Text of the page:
September 30, 2022

Reaching for military metaphors won’t help Britain learn to live with Covid | Philip Ball

There will be no ‘victory’ or ‘armistice day’ – the reality of how pandemics end...

There will be no ‘victory’ or ‘armistice day’ – the reality of how pandemics end is far more complicated than that

The Covid pandemic has entered a perplexing phase, challenging our beliefs about what the best responses are and how we should behave. Is Omicron now “just like the flu”, meaning we can relax – or does that overlook the continuing crisis in hospitals, the record hospitalisation rates for children, the continuing deadly danger for elderly and clinically vulnerable people, and the lengthening shadow of long Covid? Is it time, as the government has decided in England, to throw away our masks and perhaps to abandon self-isolation rules, or is that recklessly optimistic (if not just politically expedient for the prime minister)?

Our pandemic narratives are splintering. Once, aside from a handful of noisy libertarians who insisted that lockdowns and mask mandates were violations of civil liberty, most people accepted that restrictions were necessary to prevent the health system from imploding and to reduce the risks for vulnerable people. Now, even some experts who previously advised caution and criticised lax and tardy government strategy, such as the public health expert Devi Sridhar of Edinburgh University, have suggested that the virus has been largely “defanged” and that it’s time to “move forward” with our lives. Others react to such suggestions with horror, pointing out that this isn’t an option open to all. There’s much talk of the virus having become “endemic” – but that notion of a “persistent, low or moderate level of disease”, generally in a specific geographical region, is a long way from the exponential rise, and now fall, that we have just seen nationwide. It’s likely that it’s where we’ll end up eventually. But the eagerness to reach for the term now reflects an increasing sense that, one way or another, we will have to learn to live with the virus, as the health secretary, Sajid Javid, said last week.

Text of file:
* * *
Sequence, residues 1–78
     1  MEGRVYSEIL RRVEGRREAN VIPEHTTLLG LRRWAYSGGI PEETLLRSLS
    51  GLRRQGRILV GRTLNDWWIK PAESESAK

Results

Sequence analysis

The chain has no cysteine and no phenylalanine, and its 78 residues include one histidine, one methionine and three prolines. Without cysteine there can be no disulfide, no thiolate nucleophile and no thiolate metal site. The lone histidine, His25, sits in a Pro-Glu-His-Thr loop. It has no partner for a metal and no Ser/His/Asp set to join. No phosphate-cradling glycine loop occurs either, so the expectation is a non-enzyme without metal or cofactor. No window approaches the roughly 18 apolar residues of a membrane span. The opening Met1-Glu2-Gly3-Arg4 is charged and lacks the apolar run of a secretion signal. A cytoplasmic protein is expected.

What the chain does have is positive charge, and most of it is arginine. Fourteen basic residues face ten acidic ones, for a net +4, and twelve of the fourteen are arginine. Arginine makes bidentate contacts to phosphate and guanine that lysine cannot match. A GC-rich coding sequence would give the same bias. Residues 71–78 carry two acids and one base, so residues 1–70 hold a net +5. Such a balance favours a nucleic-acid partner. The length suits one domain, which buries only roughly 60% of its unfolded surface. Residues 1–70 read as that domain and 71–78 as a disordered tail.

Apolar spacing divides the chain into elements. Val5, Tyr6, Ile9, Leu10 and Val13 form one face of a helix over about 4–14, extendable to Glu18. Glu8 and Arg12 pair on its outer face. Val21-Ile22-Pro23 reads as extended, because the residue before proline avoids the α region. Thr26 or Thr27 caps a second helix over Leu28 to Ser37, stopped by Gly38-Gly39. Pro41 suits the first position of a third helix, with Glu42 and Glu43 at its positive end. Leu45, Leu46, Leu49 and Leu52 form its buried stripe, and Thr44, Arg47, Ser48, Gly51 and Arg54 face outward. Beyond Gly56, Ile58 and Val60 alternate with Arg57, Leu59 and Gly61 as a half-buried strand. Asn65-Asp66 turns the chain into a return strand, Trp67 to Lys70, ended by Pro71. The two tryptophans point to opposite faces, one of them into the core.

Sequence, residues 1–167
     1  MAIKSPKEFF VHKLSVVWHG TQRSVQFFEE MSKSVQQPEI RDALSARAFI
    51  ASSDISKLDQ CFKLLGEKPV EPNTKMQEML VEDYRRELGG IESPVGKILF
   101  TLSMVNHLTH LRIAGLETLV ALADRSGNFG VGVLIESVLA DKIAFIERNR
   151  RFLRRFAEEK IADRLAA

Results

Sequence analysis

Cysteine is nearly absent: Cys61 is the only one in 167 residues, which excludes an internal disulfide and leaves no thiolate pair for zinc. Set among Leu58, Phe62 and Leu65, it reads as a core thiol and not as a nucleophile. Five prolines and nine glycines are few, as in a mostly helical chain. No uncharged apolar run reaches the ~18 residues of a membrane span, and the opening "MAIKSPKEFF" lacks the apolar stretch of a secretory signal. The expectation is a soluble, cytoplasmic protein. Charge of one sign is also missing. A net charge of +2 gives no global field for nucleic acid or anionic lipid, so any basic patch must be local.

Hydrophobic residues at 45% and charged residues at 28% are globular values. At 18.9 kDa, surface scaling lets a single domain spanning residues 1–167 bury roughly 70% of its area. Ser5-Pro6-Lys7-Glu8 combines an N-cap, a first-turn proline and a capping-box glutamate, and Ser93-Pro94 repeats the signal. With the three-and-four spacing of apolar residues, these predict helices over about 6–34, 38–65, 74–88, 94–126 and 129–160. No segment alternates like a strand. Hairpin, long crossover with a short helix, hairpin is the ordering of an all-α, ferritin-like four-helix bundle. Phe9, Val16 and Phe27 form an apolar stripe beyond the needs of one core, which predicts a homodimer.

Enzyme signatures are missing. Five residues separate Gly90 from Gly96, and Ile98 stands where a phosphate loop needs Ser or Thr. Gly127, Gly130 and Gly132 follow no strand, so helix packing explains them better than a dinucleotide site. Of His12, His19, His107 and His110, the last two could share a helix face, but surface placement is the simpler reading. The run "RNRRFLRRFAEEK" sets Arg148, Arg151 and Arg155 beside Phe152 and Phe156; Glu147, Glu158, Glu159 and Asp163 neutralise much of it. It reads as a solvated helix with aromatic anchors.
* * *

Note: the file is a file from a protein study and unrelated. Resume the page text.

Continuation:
Philip Ball is a science writer. His books include The Water Kingdom: A Secret History of China

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